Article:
Lucky me, I found the L’ecole No. 41 Semillon on sale for $12.28, a real bargain. If you are unfamiliar with Washington Semillon, this is one varietal you must track down and try, over and over again. - Their tasting room is located on Highway 12, just outside of Walla Walla.

2008 Badger Mountain Chardonnay

Labor Day weekend I was in Seattle visiting friends. One of the wines I brought with me was the Badger Mountain Chardonnay. This is a wonderful offering of Chardonnay by one of my favorite local wineries. Some people seem to dismiss this winery, but I’m always in their defense. I think the problem is one of marketing and awareness. Badger Mountain Winery is part of Powers Winery (the same winery and facility) so I think that’s part of the confusion. Bill Powers and his family have been crafting fantastic wines for many years (recently Bill Powers was inducted into the Legends of Washington Wine Hall of Fame at the Walter Clore Center).

The 2008 Badger Mountain Chardonnay was a huge hit with my friends (they have good taste). This Chardonnay was fresh juicy pear on the nose, in the mouth and through the finish, there’s also a touch of spice and minerality on the finish. This is one of my favorite Washington Chardonnays. Priced around $10 it’s a terrific value as well. When you visit the Columbia Valley and the Tri-Cities region, don’t miss a visit to their friendly tasting room. Recommended - Tasting room is located in a residential neighborhood.

2005 Terra Blanca Merlot Estate Vineyard

I’ll be the first to admit, I’ve never been a huge Terra Blanca fan. But I liked this wine. To my surprise, I really liked the 2005 Terra Blanca Merlot. Of course, 2005 is one of my favorite vintages. Odd year vintages in Washington just seem to taste better; this includes 1997, 1999, 2001, 2003 and 2005 – I have not had enough 2007 vintages to comment yet. Of course, I’m referring to Washington red wines.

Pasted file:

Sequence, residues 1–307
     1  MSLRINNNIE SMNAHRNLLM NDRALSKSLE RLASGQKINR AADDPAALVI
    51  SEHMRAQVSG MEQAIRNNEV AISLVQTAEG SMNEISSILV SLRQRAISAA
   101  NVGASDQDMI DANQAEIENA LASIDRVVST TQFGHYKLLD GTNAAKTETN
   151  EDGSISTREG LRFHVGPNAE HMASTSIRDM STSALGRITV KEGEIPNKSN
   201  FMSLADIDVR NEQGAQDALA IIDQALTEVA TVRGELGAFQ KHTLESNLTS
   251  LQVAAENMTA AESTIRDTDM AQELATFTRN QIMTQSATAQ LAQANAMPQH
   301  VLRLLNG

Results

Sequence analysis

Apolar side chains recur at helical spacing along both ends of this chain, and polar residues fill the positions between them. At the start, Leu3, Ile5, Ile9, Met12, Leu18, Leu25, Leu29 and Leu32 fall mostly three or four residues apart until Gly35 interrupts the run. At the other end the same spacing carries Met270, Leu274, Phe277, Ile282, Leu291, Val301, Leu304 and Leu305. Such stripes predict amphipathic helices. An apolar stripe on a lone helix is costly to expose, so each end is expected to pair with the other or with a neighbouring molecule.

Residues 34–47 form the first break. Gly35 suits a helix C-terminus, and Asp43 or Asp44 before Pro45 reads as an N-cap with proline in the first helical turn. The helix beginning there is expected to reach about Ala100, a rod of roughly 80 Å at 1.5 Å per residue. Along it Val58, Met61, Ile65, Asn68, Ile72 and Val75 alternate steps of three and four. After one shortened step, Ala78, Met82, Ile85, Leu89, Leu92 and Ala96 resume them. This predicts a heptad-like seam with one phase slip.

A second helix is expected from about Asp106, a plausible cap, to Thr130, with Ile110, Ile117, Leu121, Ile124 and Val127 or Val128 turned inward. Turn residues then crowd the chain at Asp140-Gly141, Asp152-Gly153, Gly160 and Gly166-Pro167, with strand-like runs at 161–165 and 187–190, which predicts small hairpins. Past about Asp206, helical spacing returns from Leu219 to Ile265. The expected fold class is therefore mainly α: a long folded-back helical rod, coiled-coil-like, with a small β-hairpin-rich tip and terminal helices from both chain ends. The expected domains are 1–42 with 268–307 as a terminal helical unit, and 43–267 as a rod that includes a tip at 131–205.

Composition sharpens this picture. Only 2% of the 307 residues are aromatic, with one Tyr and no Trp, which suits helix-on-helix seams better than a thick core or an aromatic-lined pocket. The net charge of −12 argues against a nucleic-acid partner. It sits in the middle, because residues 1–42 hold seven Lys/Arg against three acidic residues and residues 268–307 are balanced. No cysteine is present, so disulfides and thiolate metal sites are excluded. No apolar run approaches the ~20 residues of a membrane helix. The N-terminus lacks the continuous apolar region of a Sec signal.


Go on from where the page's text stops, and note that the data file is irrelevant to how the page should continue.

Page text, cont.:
The 2005 Terra Blanca Merlot is full of Washington Merlot goodness - and instantly drinkable at opening. This is a big wine, great structure, with a lot of fruit and a dry, long finish which I prefer. If you are unfamiliar with Washington Merlot, or are a big fan of Washington Merlot – then this wine my friends is one you must try. Recommended - What a beautiful tasting room they have and great views.

2009 Barnard Griffin Rosé of Sangiovese

Regular readers of this blog know that I am a Rosé fan. If you review my older posts, you’ll find I’ve been a huge fan of Barnard Griffin and past vintages of the Barnard Griffin Rosé of Sangiovese. Washington Rosés are true treats for summer and my recommended pairing for Turkey dinner.

When you go looking for the 2009 Barnard Griffin Rosé of Sangiovese, you need to know that it now features the Barnard Griffin Reserve Label (diamond with Griffin) instead of the “Tulips” label used on past vintages.

This wine is a proper pleasure – the bright color gratifies the eyes with its festivity – in the glass you are greeted by a dry, crisp, tart wine with great fruit, strawberry with a hint of watermelon and such a lovely finish. You don’t have to go to France to enjoy a great Rosé; you can buy the Barnard Griffin Rosé of Sangiovese instead. Recommended - Tasting room located off of highway 182, Queensgate exit in Richland.

And now for something different, wines not from Washington State

2007 Schoenheitz Riesling

Labor Day weekend in Seattle, I visited a Bell Town wine shop. One of the perks of visiting Seattle is trying something different. I was a bit lost in that wine shop – too many wines to choose from. Fortunately, the kind owner of the wine store helped me out and suggested I try an Alsatian Riesling.

Wines from Alsace, northern France, are typified as being dry and crisp. This lovely Alsatian Riesling did not disappoint and I recall tart apples and a quickly emptied bottle. I paid $16 for this wine and thoroughly enjoyed it. Recommended - Winery notes.

Alfonso Oloroso Seco Sherry